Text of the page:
Oils4AsphaultOnly
Posts: 669
Joined: Sat Oct 10, 2015 4:09 pm
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Leaf Number: 313890
Location: Arcadia, CA

Re: Tesla's autopilot, on the road

Thu Sep 05, 2019 6:14 pm

GRA wrote:
Thu Sep 05, 2019 5:26 pm
The driver had his hands off the wheel for all but 51 seconds of the last 14 minutes A/P was engaged, and either had a bagel or a cup of coffee in one hand, plus was distracted by the radio. The report goes into detail about how the A/P warning system works, including the fact that on a divided highway you can go 3 minutes hands-off before a warning is issued, if there is a lead car, and 2 minutes otherwise. The first audible warning is issued 15 seconds after the visual warning, the second 10 seconds after that, and the third 5 seconds later, at which point the car begins to decelerate. In other words, you can go at least (see below) 3 min. 30 seconds with your hands off the wheel before the car will assume no one's paying attention.

The car had hardware v1.0 and firmware 17.50.97-3bd9f6d082U, installed on 12/28/2017. Some of the warning times have apparently changed in later versions of hardware and firmware. The total trip was 66 minutes, and A/P was engaged for a total of 29 min. 4 sec., with hands detected on the wheel for only 78 sec. total. During the last A/P segment, visual hands-off alerts were issued four times,, and no hands were detected for the last 3'41" before impact. This was possible because the car's speed dropped below 25 mph at some point, which allows up to 10 minutes before a warning is issued. The Tesla slowed to 21 mph behind the lead vehicle.

When the lead vehicle changed lanes to avoid the fire truck 3-4 seconds before impact, the Tesla began to accelerate to the TACC set speed of 80 mph (speed limit is 65). At 0.49 sec. before impact the FCW detected a stationary object (the fire engine) and issued audible and visual warnings to the driver. The Tesla was doing 30.9 mph at impact. AEB didn't activate nor would it as it's known that it can't deal with this situation.

To what should be no one's surprise, this is another confirmation that A/P as implemented not only allows but even encourages driver disengagement, just as all the research indicated would be the effect of such an implementation.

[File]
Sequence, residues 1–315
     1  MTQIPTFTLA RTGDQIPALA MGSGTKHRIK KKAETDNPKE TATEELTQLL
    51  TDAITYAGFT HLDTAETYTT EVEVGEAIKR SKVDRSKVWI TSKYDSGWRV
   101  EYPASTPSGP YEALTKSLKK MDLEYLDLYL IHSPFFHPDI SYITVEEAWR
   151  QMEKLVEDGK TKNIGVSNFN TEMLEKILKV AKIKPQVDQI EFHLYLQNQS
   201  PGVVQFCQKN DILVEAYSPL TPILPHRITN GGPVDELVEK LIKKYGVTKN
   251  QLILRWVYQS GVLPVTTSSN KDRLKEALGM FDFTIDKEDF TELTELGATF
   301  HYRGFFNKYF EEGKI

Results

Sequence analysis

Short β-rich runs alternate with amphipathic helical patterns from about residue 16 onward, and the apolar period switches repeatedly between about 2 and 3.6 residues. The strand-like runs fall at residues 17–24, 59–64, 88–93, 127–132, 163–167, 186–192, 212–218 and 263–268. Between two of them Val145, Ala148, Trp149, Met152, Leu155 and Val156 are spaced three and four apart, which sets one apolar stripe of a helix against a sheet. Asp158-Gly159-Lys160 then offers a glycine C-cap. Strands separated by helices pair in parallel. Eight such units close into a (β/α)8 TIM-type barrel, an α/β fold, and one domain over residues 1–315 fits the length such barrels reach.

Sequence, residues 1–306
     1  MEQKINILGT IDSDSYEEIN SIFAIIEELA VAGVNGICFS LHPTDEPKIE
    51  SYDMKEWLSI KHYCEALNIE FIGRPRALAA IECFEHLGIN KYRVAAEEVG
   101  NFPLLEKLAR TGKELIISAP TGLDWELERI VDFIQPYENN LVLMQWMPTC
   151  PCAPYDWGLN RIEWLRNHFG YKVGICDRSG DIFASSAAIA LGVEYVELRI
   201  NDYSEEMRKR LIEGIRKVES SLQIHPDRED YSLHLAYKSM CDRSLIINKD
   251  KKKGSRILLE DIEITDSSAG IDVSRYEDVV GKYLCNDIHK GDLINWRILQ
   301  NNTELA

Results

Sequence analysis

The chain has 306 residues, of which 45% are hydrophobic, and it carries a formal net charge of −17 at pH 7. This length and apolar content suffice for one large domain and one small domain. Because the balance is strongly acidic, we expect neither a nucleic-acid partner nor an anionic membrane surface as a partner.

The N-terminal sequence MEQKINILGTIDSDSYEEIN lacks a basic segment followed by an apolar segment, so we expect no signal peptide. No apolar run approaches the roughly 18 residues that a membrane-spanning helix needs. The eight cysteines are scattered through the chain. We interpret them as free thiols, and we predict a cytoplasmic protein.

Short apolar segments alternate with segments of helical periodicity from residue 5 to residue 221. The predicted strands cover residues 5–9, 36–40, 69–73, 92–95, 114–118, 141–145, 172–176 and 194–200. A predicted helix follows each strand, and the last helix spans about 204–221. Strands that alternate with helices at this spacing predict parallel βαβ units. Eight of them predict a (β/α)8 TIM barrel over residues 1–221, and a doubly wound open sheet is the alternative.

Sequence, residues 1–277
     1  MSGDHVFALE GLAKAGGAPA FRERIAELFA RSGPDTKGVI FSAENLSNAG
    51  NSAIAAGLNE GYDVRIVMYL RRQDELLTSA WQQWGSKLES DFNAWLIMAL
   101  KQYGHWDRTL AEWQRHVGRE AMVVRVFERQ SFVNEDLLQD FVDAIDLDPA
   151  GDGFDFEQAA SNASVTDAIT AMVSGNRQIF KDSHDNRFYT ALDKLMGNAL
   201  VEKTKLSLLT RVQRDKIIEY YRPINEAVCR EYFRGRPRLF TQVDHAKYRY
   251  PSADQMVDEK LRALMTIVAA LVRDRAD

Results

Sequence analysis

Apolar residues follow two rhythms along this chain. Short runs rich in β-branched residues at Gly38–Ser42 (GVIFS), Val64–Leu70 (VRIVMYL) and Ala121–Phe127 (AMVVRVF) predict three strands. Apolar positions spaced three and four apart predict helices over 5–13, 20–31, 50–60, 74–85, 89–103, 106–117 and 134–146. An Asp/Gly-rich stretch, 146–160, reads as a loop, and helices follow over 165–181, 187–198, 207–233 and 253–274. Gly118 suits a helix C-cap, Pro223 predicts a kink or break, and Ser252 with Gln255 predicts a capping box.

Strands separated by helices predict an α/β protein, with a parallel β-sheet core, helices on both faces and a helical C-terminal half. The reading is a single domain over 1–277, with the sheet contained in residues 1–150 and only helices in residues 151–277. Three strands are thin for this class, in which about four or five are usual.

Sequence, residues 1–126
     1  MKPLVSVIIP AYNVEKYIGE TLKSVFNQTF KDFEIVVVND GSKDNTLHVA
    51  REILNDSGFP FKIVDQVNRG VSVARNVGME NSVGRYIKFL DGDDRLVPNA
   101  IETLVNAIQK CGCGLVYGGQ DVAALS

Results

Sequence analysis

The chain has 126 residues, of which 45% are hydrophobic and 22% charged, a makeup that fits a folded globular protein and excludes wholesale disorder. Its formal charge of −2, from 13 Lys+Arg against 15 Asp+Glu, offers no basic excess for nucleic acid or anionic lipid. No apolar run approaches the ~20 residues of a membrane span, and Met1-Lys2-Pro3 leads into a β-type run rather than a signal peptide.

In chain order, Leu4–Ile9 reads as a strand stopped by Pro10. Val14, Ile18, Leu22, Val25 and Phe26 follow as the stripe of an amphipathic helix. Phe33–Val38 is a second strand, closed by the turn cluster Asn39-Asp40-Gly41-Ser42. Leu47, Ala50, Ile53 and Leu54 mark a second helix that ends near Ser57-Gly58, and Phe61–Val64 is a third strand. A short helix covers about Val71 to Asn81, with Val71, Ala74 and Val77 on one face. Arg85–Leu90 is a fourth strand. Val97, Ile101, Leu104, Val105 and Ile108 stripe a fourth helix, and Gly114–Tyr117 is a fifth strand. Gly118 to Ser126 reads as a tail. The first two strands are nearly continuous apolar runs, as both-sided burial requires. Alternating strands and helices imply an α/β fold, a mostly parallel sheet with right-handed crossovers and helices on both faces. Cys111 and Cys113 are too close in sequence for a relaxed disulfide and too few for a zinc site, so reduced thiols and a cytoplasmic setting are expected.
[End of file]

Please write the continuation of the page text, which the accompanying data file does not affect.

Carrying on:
Lovely how you're still on your high-horse without any expertise in AI whatsoever.

Isn't it about time for another A/P death? Yet, there hasn't been one since March? Why focus so intently on the accidents that have happened, and NOT on the ones avoided? Those news reports about drivers caught sleeping on A/P were all instances of drivers that could've died if they were in another car. A/P isn't perfect. Focusing on the accidents that have occured is completely missing the point of A/P.
:: Model 3 LR :: acquired 9 May '18
:: Leaf S30 :: build date: Sep '16 :: purchased: Nov '16
100% Zero transportation emissions (except when I walk) and loving it!

GRA
Posts: 10724
Joined: Mon Sep 19, 2011 1:49 pm
Location: East side of San Francisco Bay

Re: Tesla's autopilot, on the road

Sun Sep 08, 2019 3:39 pm

Oils4AsphaultOnly wrote:
Thu Sep 05, 2019 6:14 pm
GRA wrote:
Thu Sep 05, 2019 5:26 pm
The driver had his hands off the wheel for all but 51 seconds of the last 14 minutes A/P was engaged, and either had a bagel or a cup of coffee in one hand, plus was distracted by the radio. The report goes into detail about how the A/P warning system works, including the fact that on a divided highway you can go 3 minutes hands-off before a warning is issued, if there is a lead car, and 2 minutes otherwise. The first audible warning is issued 15 seconds after the visual warning, the second 10 seconds after that, and the third 5 seconds later, at which point the car begins to decelerate. In other words, you can go at least (see below) 3 min. 30 seconds with your hands off the wheel before the car will assume no one's paying attention.

The car had hardware v1.0 and firmware 17.50.97-3bd9f6d082U, installed on 12/28/2017. Some of the warning times have apparently changed in later versions of hardware and firmware. The total trip was 66 minutes, and A/P was engaged for a total of 29 min. 4 sec., with hands detected on the wheel for only 78 sec. total. During the last A/P segment, visual hands-off alerts were issued four times,, and no hands were detected for the last 3'41" before impact. This was possible because the car's speed dropped below 25 mph at some point, which allows up to 10 minutes before a warning is issued. The Tesla slowed to 21 mph behind the lead vehicle.

When the lead vehicle changed lanes to avoid the fire truck 3-4 seconds before impact, the Tesla began to accelerate to the TACC set speed of 80 mph (speed limit is 65). At 0.49 sec. before impact the FCW detected a stationary object (the fire engine) and issued audible and visual warnings to the driver. The Tesla was doing 30.9 mph at impact. AEB didn't activate nor would it as it's known that it can't deal with this situation.

To what should be no one's surprise, this is another confirmation that A/P as implemented not only allows but even encourages driver disengagement, just as all the research indicated would be the effect of such an implementation.
Lovely how you're still on your high-horse without any expertise in AI whatsoever.

Isn't it about time for another A/P death? Yet, there hasn't been one since March? Why focus so intently on the accidents that have happened, and NOT on the ones avoided? Those news reports about drivers caught sleeping on A/P were all instances of drivers that could've died if they were in another car. A/P isn't perfect. Focusing on the accidents that have occured is completely missing the point of A/P.